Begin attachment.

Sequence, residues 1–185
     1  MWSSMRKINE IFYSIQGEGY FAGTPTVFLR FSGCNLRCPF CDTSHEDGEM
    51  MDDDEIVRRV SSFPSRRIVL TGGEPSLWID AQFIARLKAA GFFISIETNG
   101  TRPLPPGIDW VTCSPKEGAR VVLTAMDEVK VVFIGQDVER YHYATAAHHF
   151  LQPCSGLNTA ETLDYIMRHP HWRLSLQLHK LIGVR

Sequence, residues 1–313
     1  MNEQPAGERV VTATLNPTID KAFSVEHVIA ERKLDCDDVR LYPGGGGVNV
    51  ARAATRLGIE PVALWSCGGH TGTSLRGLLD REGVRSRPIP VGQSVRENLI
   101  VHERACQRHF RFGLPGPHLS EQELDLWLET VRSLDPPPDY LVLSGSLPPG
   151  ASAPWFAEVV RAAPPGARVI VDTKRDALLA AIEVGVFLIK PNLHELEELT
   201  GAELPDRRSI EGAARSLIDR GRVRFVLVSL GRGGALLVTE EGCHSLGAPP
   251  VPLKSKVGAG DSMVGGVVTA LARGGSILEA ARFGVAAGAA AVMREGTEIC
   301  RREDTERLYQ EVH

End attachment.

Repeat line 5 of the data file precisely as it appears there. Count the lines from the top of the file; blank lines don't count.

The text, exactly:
   151  LQPCSGLNTA ETLDYIMRHP HWRLSLQLHK LIGVR